RKM740 Cardiology, Angiology and Hemostaseology combines three main treatment areas under one roof: cardiac medicine, coagulation medicine and vascular medicine. Numerous additional designations are also available ranging anything from nutritional medicine to lipidology (fat metabolism disorders) and hypertensiology (high blood pressure disorders) to sports medicine.
In addition to the support, acute care and follow-up of cardiovascular diseases, cardiological diseases (heart), angiological diseases (vascular) and hemostaseological diseases (coagulation), one of the main focuses of our Düsseldorf practice is preventive medicine.
Simply put, prevention is the best medicine.
Our cadiology practice deals with cardiovascular diseases, preventive care, acute treatments and follow-up care of diseases of the heart and circulatory system.
Angiology is the study of vascular diseases and deals with diseases of the arteries, veins and lymphatic vessels. In our practice we take care of your angiological concerns.
Hemostaseology is the study of blood coagulation and its disorders, which include wound healing and blood clotting disorders, such as thrombosis and embolism or bleeding.
Sports medicine is a good addition to any kind of healthy training schedule. In our sports cardiology practice, we offer comprehensive diagnostics, analyses and recommend preventive measures for healthy sports training.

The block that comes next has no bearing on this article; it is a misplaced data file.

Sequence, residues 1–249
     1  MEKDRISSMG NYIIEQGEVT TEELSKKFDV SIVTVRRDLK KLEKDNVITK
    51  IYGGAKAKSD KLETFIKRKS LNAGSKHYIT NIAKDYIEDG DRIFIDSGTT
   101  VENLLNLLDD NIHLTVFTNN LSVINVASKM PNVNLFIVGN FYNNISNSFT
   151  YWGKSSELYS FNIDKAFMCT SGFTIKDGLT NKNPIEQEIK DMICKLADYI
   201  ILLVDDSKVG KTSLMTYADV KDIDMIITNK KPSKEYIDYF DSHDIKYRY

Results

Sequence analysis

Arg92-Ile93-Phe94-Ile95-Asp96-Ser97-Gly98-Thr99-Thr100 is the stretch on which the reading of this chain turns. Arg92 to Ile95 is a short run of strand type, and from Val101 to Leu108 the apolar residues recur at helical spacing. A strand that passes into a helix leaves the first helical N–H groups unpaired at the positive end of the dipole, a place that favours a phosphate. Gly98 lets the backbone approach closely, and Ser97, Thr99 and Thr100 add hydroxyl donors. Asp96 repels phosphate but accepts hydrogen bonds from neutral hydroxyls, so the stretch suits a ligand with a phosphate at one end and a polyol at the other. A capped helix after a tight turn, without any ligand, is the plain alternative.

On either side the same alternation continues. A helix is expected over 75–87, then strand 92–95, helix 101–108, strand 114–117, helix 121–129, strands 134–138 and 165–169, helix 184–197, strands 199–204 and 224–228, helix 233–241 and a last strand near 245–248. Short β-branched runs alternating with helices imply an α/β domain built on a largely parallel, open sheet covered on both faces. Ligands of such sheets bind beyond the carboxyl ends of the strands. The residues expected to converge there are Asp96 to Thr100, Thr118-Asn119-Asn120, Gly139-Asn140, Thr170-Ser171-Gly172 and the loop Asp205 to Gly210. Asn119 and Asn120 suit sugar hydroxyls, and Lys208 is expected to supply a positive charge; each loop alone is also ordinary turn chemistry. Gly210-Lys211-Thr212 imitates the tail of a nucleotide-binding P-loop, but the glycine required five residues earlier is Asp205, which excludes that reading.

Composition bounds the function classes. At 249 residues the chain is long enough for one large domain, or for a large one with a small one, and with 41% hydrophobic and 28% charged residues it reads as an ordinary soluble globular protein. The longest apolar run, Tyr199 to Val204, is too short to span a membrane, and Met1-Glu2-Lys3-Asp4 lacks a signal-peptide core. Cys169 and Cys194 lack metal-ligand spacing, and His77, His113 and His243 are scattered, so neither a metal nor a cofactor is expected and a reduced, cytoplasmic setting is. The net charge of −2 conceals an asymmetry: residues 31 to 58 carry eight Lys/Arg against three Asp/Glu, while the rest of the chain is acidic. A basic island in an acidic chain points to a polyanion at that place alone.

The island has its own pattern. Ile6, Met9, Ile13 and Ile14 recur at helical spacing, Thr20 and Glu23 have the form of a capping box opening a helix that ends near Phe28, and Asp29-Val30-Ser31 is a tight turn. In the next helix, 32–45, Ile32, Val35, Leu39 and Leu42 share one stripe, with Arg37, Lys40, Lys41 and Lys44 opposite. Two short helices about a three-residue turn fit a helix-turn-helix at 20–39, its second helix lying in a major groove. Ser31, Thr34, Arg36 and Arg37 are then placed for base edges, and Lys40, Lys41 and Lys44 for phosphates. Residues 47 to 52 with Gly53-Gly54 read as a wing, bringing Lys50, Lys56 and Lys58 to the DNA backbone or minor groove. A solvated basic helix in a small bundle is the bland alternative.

Nutritional medicine is very important as many modern diseases are the result of an unhealthy diet. We advise you on obesity and malnutrition, lipid metabolism disorders and nutrition-related cardio-vascular diseases.
Our guiding principle is that prevention is always better than aftercare. At our practice we advise on healthy lifestyles, tests for the early detection of diseases as well as measures to improve health with existing diseases.
We Know the Importance of Gender Specific Medicine
In our Düsseldorf practice we focus on gender-specific, or gender-sensitive medicine. Gender medicine refers to a form of human medicine with special attention to the biological differences between men and women.
This is because, as we know, women’s hearts beat differently than men’s. Unfortunately, many women are often treated incorrectly in regular conventional medicine. This problem is also called the gender-health-gap. Gender medicine is of particular importance in the study of heart disease in women. It turns out that female patients are often diagnosed too late or incorrectly, since their symptoms of heart disease often present themselves more unspecifically and differently from the symptoms of men.
It goes without saying that we care for our male and female patients with equal commitment and passion, but we are aware of the biological, social and psychological differences and take these into account in our individual treatments.